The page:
Kitchen Table Example to Explain the Fiscal Cliff

Last year two families vacationed together and split the cost of $9,000.  The Jones’ paid for $5,000K of the vacation to help the Smith’s.  They had known the Smith’s for years and were happy to help.  The Smith’s paid $400 and borrowed the other $3,600 to do it.   Unfortunately, they put the debt on a credit card that was already maxed out.   No one cared.  Everyone had a great time.

The Smith’s offered to plan the next summer vacation.  The Smith’s  wanted to invite the Johnson’s to go this year.  So they called them and asked for their help on planning the vacation.   They started investigating vacation alternatives and settled on $8,000, $9,000, $10,000 and $12,000 options.  Well, they immediately ruled out the $8K and $9K options because they didn’t want to take less of a vacation than last year.  They loved the $12,000 option but they weren’t sure if they can pull it off this year.   They settled on the $10K option.  The Johnson’s made it clear they were invited guests and were not expecting to contribute to the cost.  The Smith’s agreed that wouldn’t be fair to ask the Johnson’s to pay since the Jones’ could afford it.  So, the Jones would pay $6,000 this year.  The Smiths the same $4,000 again borrowing $3,600 on a new card.  The Johnson’s would not be charged anything.  They were excited to call the Jones’ to let them know the vacation plans.

The Jones’ were angry this decision was made without them.  They were angry the cost went up $1,000 over last year and that they are expected to cover the majority of the vacation for the other two families.   They were also worried the only way to accommodate the extra people would be to lower the quality of the trip.  The Jones’ didn’t even know the Johnson’s and couldn’t understand why they were paying for their vacation.  The Smith’s countered that the Jones’ have always paid more, they wanted the Johnson’s to attend because they like them more then the Jones’ and after all, the Johnson’s have never contributed before so really, nothing has changed.  In fact, the Smith’s argue they SAVED the Jones’ $2,000 by electing the $10,000 vacation instead of the $12,000 option.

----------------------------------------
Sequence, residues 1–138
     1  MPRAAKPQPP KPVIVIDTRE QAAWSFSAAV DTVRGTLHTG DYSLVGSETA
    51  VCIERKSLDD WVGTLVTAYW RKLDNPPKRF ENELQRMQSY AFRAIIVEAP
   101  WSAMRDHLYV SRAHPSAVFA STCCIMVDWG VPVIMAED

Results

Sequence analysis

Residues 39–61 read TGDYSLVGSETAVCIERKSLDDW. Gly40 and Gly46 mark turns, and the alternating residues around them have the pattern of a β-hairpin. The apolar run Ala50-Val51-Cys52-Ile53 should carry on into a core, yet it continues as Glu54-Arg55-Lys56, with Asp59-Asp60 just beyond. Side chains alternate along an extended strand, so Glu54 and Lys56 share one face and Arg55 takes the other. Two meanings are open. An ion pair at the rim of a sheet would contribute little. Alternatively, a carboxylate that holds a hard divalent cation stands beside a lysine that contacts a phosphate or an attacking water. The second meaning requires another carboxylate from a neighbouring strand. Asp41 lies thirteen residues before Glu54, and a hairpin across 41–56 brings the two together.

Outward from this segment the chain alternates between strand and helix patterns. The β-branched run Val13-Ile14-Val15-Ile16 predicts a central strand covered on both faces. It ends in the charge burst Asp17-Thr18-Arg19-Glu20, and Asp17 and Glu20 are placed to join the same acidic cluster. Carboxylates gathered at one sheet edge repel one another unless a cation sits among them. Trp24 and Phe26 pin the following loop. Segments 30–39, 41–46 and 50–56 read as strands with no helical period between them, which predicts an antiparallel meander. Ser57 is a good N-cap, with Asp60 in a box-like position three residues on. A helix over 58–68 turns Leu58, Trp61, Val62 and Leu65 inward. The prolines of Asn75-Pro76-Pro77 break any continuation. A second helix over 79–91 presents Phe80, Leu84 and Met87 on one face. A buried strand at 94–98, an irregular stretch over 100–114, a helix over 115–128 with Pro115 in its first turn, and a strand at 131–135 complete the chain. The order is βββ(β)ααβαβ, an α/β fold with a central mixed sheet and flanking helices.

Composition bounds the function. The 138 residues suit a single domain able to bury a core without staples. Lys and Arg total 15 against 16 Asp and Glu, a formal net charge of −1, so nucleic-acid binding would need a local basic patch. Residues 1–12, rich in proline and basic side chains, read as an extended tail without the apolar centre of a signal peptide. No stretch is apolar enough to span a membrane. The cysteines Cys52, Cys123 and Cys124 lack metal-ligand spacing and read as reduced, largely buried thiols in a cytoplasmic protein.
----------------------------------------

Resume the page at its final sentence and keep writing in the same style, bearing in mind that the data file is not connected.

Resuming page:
Well, the day to leave finally arrived.  The Smith’s and Johnson’s packed up and traveled to the location only to find the Jones’ weren’t there.  The rest of the money was due before the vacation could start.  The Johnson’s suggested the Smith’s use their new credit card to pay the $6,000 but the Smith’s didn’t want to do that.  They wanted to vacation together but it wasn’t fair for them to pay for the Johnson’s.   Plus, they never would have picked a $10K vacation if they knew they would have to pay for it.   The Johnson’s argued they weren’t going to pay.  They were invited and expected a free vacation.  It was the Smith’s responsibility to pay.   Neither family would budge. So the two families turned around and went home.

The Jones’ had decided they would rather vacation alone and had a wonderful time.  The best in years – and it cost them only $4,000.

The End



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One response to “Kitchen Table Example to Explain the Fiscal Cliff”

  1. mocgator says :

    One of the greatest things I’ve ever read.

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